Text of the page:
Growing squash plants isn’t difficult once you know the basics for the proper care of squash. Learning how to grow squash successfully includes becoming familiar with the types of squash grown, what conditions they prefer, and common squash pests or diseases that may affect them. So to find out more about growing squash plants, continue reading for advice on the general care of squash in the garden.
If you’ve ever grown squash, then you know what the vines can do to your garden beds. It can also be crowding for other veggies you may be growing. A squash arch can help with these issues and become a nice focal point for your garden. To learn more, click here.
If you love squash but want to diversify, try growing Blue Hokkaido squash plants. What is a Blue Hokkaido squash? Only one of the most prolific, multi-use winter squash varieties available, plus, it’s beautiful. Click this article for more information.
If you love winter squash but find that their size is somewhat intimidating, try growing Sweet Dumpling acorn squash. What is a Sweet Dumpling squash? Click this article to learn more and find tips on growing Sweet Dumpling squash plants in your garden.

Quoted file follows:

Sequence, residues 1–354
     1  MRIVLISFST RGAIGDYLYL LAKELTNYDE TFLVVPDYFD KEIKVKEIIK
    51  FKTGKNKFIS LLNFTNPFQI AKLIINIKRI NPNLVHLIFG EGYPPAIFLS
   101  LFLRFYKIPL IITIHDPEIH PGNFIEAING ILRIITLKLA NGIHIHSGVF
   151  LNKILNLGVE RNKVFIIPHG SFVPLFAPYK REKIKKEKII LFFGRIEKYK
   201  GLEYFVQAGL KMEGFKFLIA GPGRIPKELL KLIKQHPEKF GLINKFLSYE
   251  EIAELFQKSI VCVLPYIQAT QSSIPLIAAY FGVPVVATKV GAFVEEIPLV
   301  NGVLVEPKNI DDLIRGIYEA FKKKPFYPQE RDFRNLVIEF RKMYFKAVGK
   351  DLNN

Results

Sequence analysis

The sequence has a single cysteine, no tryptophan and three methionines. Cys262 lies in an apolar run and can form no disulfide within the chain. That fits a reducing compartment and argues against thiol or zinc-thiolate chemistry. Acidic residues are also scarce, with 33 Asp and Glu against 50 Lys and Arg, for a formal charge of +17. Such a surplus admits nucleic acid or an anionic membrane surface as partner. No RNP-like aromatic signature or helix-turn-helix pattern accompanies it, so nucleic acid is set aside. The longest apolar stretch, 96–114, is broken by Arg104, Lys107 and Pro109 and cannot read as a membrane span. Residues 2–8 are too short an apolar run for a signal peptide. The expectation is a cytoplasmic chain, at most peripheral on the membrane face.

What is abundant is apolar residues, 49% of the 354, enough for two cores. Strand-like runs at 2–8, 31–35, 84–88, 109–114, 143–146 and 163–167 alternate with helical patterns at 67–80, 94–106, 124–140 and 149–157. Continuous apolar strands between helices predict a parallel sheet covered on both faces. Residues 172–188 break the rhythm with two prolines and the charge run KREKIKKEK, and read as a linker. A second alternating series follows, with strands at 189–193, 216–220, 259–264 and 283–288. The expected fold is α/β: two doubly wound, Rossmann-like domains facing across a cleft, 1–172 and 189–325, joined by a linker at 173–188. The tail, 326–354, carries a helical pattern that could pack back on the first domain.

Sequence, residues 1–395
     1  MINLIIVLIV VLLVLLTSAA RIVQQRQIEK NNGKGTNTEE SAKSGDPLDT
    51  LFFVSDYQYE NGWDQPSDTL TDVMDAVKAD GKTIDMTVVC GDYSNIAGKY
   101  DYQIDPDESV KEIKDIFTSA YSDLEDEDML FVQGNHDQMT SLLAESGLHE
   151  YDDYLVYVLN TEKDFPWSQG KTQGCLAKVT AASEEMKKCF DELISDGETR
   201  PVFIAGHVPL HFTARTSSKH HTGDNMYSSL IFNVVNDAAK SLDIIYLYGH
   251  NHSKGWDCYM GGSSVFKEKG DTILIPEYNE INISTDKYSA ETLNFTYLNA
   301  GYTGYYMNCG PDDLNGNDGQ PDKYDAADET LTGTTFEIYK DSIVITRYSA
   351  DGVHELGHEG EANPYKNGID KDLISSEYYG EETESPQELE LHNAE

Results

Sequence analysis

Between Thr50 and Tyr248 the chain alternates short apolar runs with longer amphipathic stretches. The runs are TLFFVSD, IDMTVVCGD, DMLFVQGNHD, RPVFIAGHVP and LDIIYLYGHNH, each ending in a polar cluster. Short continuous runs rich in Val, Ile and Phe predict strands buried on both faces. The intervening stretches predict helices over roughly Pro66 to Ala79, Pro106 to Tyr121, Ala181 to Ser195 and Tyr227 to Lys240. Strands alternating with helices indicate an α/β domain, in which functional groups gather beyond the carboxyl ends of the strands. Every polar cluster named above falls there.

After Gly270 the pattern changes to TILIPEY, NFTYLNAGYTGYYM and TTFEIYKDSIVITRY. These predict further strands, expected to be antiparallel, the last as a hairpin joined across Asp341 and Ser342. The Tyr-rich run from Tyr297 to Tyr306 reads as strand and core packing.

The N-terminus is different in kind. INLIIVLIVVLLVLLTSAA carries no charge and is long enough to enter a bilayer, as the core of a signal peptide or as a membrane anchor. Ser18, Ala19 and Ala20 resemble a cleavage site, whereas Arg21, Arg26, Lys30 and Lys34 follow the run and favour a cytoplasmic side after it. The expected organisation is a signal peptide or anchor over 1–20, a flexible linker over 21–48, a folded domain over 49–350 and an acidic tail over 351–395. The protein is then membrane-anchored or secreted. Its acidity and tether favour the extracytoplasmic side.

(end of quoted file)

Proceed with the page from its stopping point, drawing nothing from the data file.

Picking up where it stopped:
Buttercup squash plants are a type of kabocha winter squash and can be stored for a long time due to their hard rinds. As the name would suggest, the flesh cooks up with a sweet buttery flavor. For tips on how to grow your own buttercup squash, click this article.
Can you grow squash plants inside? Yes, you can, and it’s relatively easy. They may be smaller, but indoor squash plants can produce a hefty harvest beginning about sixty days after planting. Sound like fun? Learn about growing squash indoors in this article.
Other cultures have more of a tendency to eat the entirety of their produce, meaning the leaves, stems, sometimes even roots, blossoms and seeds of a crop. Consider squash, for example. Can you eat squash shoots? Yes, indeed. Learn more in this article.
When it comes to types of winter squash, gardeners have a huge selection from which to choose. Wondering how to choose a winter squash for your garden? Click the following article for more details about different kinds of winter squash.
By Becca Badgett, Co-author of How to Grow an EMERGENCY Garden